I preheat my oven to 350 degrees, then while the potatoes are boiling, I grab my medium bowl. I put my broccoli in the bowl and add in 1 Tbsp of olive oil. I sprinkle in some salt, then toss until the broccoli is fully coated in oil.

I spread the broccoli evenly, in a single layer, in a baking pan and stick it in the oven.

The Meat

Next up, I heat my griddle, or skillet over medium heat until it is very hot. Because I want it hot, I usually start heating it just as I'm putting the broccoli in, but before I begin prepping the patties.

I clean out my medium bowl and add in my beef. I then add all my meat ingredients (Bread crumbs, onion powder, garlic powder, salt, egg, Worcestershire)

I then combine all of this with my hands. I do this by kind of squeezing it and squishing it until everything is fully incorporated.

Basically, this is more like meatloaf than it is like hamburgers.

I separate the meat into 4 equal sized balls, then flatten and shape them into a kind of oval shape.

These go onto the skillet and cook about 5 minutes on either side. I don't add any additional seasoning to them, I simply put them straight on the griddle and cook them.

Finishing my Mashed potatoes

While my meat is cooking, I go ahead and get a small pot and add in 1/2 cup cream and 1/2 cup milk. You can use 1 cup half and half or even 1 cup of milk instead if you prefer. I like the cream or half and half because the potatoes seem to have less of a "watery" taste to them, and are usually a lot fluffier.

I add in my 3 Tbsp of butter, diced garlic and salt. This goes on the stove over a medium low heat, and will heat until the butter is melted and it just begins to boil.

I pour my cooked potatoes into a strainer to drain. I then add them to my (once again cleaned) medium bowl.

Once my milk mixture is just beginning to boil, I just pour that directly into the potatoes. It will seem like way too much liquid, but trust me, magic will happen.

I have a potato masher, but that just seems like way to much physical labor to me, so I just use a hand mixer.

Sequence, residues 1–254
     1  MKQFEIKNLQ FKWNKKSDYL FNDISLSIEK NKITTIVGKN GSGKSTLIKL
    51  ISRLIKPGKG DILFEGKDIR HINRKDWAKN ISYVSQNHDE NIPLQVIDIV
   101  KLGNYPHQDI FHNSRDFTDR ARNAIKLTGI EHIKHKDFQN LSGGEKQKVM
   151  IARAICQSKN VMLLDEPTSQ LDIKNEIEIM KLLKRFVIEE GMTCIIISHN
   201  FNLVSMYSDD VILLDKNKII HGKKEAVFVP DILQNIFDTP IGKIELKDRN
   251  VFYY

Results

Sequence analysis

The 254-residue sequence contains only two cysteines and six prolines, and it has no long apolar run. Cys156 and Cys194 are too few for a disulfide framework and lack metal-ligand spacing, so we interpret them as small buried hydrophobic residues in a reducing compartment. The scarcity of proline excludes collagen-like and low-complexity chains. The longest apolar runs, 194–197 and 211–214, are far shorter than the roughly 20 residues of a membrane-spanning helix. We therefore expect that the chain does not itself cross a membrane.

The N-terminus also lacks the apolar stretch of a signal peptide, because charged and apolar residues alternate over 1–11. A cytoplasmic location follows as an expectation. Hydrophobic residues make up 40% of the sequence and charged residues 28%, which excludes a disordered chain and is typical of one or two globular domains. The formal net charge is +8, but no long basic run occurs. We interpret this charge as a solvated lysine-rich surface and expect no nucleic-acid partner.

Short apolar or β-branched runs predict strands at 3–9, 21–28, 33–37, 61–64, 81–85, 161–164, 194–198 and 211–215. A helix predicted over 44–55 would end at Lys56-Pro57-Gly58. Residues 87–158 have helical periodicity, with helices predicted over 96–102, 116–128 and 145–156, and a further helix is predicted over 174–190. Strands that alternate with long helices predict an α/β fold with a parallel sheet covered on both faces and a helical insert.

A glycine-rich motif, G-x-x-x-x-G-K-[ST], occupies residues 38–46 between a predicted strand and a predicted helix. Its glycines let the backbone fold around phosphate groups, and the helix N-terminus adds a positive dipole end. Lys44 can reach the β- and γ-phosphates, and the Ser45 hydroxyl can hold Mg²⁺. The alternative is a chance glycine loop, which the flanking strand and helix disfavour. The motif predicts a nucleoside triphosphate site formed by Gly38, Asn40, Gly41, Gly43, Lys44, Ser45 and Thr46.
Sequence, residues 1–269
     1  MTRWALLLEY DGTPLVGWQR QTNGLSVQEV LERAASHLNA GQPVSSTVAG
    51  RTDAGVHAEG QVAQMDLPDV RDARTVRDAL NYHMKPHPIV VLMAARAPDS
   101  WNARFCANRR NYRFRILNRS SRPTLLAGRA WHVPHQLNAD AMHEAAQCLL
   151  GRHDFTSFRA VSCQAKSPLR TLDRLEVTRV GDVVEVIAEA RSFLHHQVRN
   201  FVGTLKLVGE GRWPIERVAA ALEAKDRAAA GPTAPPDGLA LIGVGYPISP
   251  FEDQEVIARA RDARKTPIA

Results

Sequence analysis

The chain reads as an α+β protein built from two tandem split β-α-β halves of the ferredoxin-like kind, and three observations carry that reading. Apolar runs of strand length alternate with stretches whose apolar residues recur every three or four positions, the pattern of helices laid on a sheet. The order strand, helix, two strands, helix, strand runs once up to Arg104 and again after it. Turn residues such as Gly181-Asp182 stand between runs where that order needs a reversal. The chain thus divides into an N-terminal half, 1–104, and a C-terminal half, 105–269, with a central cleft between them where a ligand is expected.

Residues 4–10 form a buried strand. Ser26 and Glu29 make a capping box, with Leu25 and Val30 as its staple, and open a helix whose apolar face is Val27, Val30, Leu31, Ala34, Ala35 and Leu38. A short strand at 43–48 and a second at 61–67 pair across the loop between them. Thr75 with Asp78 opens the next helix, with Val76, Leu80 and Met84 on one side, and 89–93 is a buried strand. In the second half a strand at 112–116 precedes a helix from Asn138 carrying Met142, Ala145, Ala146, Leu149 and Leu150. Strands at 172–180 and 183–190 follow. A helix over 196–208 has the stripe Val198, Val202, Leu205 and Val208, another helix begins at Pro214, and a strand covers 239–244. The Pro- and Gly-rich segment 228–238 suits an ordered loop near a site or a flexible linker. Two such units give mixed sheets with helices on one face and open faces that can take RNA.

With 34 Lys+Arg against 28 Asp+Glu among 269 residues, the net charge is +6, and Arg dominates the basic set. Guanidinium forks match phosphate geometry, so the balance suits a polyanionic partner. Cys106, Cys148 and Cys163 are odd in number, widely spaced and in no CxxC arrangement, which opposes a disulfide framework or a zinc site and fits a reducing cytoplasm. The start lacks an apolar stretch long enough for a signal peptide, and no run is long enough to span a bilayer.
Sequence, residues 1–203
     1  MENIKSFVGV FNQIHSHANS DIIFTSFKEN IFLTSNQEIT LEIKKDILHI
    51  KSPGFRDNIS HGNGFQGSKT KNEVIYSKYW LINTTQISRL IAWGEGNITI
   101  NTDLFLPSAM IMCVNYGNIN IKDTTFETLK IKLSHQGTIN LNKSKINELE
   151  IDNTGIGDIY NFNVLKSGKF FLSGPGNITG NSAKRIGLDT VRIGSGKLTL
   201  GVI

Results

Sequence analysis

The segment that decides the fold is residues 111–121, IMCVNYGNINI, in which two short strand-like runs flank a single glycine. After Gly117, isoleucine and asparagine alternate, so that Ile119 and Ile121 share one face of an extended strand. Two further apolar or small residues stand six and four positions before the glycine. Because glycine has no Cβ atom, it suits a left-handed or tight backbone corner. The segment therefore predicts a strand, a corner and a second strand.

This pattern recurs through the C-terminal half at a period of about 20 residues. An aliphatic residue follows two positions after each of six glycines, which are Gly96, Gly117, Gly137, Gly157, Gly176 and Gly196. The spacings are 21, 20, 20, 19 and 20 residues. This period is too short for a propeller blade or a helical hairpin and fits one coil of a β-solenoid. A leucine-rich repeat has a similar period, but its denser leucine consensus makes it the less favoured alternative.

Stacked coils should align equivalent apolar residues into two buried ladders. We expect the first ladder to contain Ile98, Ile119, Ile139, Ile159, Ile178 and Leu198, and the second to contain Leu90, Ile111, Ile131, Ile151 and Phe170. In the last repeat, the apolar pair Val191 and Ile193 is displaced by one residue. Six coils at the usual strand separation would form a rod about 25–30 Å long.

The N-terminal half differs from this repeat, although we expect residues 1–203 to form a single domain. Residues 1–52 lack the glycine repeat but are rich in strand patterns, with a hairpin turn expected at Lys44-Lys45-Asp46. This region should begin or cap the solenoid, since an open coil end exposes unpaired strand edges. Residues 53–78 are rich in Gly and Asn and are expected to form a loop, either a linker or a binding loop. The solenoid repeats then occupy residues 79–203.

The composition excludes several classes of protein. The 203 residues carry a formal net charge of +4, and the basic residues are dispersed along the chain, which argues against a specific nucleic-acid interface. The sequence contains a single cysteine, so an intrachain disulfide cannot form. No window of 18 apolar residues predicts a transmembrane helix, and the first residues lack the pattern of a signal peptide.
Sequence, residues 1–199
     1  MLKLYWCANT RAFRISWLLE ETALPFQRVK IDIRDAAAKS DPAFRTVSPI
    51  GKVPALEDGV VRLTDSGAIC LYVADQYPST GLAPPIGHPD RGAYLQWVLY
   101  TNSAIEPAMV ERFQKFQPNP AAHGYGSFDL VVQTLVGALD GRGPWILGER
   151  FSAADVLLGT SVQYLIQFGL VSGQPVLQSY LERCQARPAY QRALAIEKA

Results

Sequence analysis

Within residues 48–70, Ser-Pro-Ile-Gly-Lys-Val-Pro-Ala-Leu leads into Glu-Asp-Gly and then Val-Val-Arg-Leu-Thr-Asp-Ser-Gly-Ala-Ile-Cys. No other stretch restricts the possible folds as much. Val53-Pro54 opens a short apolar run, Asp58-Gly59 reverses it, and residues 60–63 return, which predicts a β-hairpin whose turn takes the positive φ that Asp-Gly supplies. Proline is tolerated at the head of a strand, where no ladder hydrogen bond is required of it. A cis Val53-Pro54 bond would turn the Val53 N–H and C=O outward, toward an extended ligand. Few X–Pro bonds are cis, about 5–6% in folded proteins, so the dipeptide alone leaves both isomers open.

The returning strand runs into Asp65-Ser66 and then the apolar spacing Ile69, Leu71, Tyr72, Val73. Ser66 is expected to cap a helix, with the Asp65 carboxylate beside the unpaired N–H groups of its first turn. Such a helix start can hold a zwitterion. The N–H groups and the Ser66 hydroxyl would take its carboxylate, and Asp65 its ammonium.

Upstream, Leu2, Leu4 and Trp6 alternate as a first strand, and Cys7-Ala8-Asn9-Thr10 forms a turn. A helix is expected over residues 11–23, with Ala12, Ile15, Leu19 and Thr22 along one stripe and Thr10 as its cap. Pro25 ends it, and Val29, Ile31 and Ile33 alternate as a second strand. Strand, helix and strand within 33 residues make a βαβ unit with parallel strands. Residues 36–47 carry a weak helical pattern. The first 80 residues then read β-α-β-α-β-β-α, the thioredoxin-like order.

You could add some cheese to this.. perhaps Colby jack.. better would be some freshly grated parmesan, or just enjoy it as it is...which is fantastic.

Time for my sauce

By now, my meat is almost done or done. If your using the same pan method, simply remove the meat from the pan and set it aside. If your using a different pan method, wait till the meat is done, then simply remove it from the pan and set it aside. If your using the I want my meat burnt to hell method, simply leave it on the pan until it is burnt to hell (I don't recommend this method).

In my large skillet, I add my butter, and heat it over medium high heat. I then toss in my chopped onion, and sauté it until it begins to turn brown. Once that happens, I add in my sliced onions and continue to cook until they become a little tender.

I then pour in my 2 1/2 cups of water, and my onion soup mix, as well as my ground mustard. I stir everything together and let it heat until it comes to a boil.

Once boiling I reduce heat and let it simmer for about 3 minutes.

I then add in my cornstarch mixture and bring it back up to a boil.

Then I just put my meat back in, and cover it with the sauce and onions. I let that cook for about 3 more minutes.

Now it's time to put everything on the plate.. or trays, as the case may be.

I figured most good tv dinners came with a dessert, so I made a quick blackberry lunchroom cake. Also I wanted rolls, so I made rolls.

I know the presentation is kinda lackluster and lunchroom(ish) but that's the point, this is a tribute to TV dinners, not a tribute to fine dining. The results however, were very flavorful and delicious.

That's it, I hope you enjoyed this trip down memory lane. As always, thanks for reading.